Other research shows that the brains of severely neglected children tend to be smaller than average with underdeveloped areas in the cortex. The long term implications of this are still being examined, but it shows one more way in which nurture or lack of it can affect a person’s biological make-up.
The knowledge that nature and nurture are two crucial aspects to a person’s health will undoubtedly prove to be a very useful tool in the research and treatment of psychiatric illness and may lead to even more effective treatments in the future.
Dr Leo Kady
What is self-harm?
‘Self-harm’ refers to various behaviours that are used to deliberately cause a form of pain to the self. People who self-harm cause themselves physical pain as an unhealthy coping response to emotional pain; when people experience intense emotions from their mental health issues and do not know a healthy way to cope or express themselves, people may begin to use self-harming behaviours as a short-term quick fix.
The more that people use their self-harming techniques, the more they will rely on them to gain relief; however, this can become addictive and like other addictions, tolerance can begin to increase which will lead those people to increase the intensity of the self-harm behaviours – this can become dangerous. People learn to use these negative behaviours to ease their emotional pain, however, it is important to remember that all learned behaviours can be unlearned and replaced by more healthy and beneficial behaviours.
How do people self-harm?
People often only associate self-harm with one behaviour, cutting; however, there are many more things that people do to self-harm. There are other visible inflictions to the skin such as bruising, biting, scratching and burning, as well as pulling out hair and inserting objects into the body.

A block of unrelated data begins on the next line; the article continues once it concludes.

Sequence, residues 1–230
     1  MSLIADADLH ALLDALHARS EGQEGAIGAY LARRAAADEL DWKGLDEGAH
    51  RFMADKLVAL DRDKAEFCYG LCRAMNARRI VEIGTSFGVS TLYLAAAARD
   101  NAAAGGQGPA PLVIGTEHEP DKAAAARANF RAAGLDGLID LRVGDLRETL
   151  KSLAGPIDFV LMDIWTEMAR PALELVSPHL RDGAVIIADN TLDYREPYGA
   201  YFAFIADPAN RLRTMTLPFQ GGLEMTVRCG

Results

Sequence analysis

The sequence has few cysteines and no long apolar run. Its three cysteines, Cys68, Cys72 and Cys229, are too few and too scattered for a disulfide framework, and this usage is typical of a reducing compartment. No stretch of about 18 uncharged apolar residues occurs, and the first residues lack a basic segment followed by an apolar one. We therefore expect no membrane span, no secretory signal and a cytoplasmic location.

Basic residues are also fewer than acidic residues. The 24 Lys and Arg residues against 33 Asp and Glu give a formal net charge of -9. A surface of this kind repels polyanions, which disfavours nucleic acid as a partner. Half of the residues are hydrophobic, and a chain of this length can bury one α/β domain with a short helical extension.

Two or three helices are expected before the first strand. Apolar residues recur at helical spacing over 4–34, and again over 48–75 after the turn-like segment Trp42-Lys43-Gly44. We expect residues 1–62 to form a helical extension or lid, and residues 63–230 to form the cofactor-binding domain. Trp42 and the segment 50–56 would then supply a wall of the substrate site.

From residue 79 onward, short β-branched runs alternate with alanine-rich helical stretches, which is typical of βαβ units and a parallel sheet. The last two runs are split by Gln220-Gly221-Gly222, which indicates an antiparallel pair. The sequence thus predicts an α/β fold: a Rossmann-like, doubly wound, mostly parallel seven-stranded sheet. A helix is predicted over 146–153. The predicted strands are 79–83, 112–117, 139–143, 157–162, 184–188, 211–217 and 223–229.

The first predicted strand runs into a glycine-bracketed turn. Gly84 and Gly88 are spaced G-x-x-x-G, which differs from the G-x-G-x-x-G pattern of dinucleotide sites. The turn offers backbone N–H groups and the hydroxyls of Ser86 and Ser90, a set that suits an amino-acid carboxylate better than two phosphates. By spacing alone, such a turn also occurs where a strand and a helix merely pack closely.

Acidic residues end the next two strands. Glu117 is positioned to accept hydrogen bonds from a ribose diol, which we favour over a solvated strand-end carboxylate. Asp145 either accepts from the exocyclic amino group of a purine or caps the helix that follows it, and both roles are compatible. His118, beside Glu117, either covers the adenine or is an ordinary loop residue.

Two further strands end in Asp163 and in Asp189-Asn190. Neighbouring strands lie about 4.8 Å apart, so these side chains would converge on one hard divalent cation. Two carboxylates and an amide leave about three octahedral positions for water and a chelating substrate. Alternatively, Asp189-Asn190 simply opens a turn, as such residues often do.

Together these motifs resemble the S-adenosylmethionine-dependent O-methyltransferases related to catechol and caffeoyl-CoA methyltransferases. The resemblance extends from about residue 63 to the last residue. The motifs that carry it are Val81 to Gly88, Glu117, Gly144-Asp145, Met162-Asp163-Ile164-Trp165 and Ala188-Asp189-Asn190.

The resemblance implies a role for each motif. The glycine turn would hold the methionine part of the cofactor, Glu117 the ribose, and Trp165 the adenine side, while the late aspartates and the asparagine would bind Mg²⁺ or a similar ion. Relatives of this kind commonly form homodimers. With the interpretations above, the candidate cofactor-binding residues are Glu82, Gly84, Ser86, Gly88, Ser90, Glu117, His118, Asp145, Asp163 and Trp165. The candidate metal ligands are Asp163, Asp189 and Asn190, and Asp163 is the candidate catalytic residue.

There are indirect ways of hurting the self, such as promiscuous behaviour, displaying aggression towards other with the intention of getting hurt, diet (e.g. binge eating or starving the self), alcohol or drug consumption and excessive exercise. Although these are common behaviours, there will be other ones used for the same purpose that may be unique to the individual.
Myths about self-harming
The most common myth is that self-harm is exclusive to cutting, as discussed in the ‘How do people self-harm?’ section.
Additionally, people often assume that those who self-harm are attempting suicide. Because people often assume that self-harm refers to cutting, it is also assumed that the cuts are intended to cause death. However, self-harming is mostly used for the complete opposite, it is a coping technique used to survive, not die; suicide would require one occasion of self-harm, whereas the majority of people who hurt themselves do it continuously to cope during day-to-day life.